Carpet bomb Snowmass Village |

Carpet bomb Snowmass Village

My first view of Snowmass Village included the occasional deer startled by the survey crew on which I was serving as a lowly chainman. That was in 1966. Before Sgt. Pepper. And before Lowie Rhenquist and her friend pulled up stakes and left Shangri-La to Fritz Benefactor and the soon-to-be teeming hordes.

My first reaction to Bill Janss’ plan was, “You mean you’re going to build a village of condominiums on a north-facing slope in the dark?!” And I wasn’t alone; plenty of others shared my incredulity. (Years later Bill Janss was said to have remarked, “Nobody should be allowed to do what I did to that valley.”)

The new village, most agreed, should be built no higher up the hill than Anderson Ranch and then extend out to the east where the Snowmass Club is now. Instead, what got built was a non-place at the base of a good ski mountain. There’s no there there. It started out mediocre and then tapered off. And now come the defenders of … of what?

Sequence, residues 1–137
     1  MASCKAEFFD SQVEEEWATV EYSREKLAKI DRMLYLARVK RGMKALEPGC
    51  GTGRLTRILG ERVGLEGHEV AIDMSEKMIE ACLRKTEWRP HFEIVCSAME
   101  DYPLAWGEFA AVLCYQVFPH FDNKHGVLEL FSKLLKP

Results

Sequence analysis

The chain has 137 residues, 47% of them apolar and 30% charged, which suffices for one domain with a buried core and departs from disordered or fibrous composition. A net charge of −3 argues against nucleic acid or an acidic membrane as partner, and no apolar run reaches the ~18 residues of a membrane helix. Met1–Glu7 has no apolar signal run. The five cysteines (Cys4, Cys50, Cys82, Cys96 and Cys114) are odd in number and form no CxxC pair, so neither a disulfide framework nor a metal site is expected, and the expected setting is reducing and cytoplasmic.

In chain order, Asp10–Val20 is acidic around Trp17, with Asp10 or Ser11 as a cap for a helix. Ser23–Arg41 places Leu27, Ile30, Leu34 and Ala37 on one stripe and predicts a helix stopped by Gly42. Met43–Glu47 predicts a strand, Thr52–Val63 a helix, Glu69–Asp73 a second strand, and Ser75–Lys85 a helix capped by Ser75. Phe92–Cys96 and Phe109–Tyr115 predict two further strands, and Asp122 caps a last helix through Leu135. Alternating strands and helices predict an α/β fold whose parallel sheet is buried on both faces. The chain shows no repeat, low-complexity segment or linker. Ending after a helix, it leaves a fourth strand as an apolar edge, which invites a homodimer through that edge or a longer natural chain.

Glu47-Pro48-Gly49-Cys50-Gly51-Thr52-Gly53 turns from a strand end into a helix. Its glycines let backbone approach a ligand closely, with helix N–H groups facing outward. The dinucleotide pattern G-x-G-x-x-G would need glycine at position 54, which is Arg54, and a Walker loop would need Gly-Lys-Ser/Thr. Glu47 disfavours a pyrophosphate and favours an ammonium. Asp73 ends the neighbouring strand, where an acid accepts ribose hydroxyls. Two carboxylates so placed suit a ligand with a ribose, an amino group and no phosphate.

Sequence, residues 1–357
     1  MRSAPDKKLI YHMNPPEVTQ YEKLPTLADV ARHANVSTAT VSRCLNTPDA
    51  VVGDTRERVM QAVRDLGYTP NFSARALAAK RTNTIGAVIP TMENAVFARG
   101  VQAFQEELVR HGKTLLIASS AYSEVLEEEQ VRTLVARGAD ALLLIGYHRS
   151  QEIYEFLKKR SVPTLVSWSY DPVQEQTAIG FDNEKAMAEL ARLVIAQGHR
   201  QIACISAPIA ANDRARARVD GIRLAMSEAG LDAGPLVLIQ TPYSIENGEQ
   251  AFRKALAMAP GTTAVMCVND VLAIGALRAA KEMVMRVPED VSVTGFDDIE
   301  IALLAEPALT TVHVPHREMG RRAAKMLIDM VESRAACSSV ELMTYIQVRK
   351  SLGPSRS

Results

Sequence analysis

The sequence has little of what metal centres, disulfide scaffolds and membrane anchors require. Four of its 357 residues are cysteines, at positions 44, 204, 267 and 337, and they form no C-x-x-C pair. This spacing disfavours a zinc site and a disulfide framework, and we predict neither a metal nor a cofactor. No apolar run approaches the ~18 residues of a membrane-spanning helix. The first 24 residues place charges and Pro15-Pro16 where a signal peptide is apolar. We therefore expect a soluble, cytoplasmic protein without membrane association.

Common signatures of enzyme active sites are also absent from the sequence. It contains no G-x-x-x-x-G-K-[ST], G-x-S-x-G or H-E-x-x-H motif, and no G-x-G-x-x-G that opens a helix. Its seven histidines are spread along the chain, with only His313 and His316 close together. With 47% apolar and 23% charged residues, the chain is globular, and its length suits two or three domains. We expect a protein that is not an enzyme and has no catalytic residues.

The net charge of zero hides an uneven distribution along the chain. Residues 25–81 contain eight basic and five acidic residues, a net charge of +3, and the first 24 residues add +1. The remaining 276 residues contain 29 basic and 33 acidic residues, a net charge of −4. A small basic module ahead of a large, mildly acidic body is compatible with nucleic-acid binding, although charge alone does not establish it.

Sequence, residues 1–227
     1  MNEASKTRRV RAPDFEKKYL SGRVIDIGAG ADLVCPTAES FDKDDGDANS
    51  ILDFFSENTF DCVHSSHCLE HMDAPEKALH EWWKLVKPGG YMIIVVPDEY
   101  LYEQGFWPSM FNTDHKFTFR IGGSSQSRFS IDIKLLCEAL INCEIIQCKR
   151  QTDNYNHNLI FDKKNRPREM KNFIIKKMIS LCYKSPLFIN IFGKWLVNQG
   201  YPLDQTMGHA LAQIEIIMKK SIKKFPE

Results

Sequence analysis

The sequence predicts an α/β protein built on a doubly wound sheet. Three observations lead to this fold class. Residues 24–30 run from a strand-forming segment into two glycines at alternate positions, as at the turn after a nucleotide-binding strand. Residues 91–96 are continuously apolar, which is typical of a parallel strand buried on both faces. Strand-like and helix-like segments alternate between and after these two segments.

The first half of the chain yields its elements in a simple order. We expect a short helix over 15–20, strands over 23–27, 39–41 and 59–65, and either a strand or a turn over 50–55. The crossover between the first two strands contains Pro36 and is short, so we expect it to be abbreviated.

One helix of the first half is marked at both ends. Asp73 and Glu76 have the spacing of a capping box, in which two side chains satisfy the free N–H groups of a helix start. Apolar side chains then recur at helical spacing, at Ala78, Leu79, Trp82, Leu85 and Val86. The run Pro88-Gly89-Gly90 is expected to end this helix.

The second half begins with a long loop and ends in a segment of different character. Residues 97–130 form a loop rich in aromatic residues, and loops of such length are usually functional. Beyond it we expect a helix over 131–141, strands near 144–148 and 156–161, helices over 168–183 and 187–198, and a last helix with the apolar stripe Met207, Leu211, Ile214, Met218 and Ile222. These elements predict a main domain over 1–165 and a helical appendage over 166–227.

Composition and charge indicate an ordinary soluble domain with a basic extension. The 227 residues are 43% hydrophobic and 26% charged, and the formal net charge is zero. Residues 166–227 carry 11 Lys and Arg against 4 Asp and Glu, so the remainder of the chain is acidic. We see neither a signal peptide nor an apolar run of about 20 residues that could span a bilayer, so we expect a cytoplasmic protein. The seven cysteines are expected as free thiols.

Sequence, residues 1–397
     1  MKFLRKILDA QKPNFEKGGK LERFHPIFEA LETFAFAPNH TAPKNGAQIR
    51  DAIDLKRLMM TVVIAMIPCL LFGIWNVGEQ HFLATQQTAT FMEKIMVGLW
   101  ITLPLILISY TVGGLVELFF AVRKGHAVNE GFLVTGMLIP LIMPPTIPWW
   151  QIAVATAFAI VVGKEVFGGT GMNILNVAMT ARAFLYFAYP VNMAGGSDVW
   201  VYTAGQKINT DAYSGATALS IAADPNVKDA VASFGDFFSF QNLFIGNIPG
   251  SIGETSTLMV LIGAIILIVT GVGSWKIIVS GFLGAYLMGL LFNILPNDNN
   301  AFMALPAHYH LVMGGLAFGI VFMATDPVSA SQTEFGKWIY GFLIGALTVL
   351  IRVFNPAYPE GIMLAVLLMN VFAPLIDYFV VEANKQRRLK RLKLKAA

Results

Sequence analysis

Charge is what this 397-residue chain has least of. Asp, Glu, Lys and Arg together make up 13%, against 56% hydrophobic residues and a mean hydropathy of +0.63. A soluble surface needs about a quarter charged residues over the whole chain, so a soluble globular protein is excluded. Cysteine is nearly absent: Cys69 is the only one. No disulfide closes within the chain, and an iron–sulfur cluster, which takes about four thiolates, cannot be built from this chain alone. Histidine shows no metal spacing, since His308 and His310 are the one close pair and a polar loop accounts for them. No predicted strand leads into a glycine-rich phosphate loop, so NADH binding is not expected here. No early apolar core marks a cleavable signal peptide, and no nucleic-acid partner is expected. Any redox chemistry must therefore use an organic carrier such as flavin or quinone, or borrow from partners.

A good friend years ago suggested that Snowmass be designated a suitable target for cosmetic bombing by the U.S. Air Force. But that was back during the Nixon-Kissinger years and before smart bombs. Today we are talking “Shock and Awe.”

Frankly, I think this is a perfect case for good, old-fashioned carpet bombing. That way we could sweep away with one straight, clean run, not only all the old mediocre buildings and the stupid mall, but also all the new defenders of all that old still-born mess.

There! I just had to get it off my chest. Bah! Humbug! (Herbie Balderson would have loved this!)

Jim Breasted



Old Powerhouse, Armory options aired

On Monday night, the City Council listened to ideas for each old building. However, nothing laid out what the community space would actually entail — only aspirations and gathered community comment.

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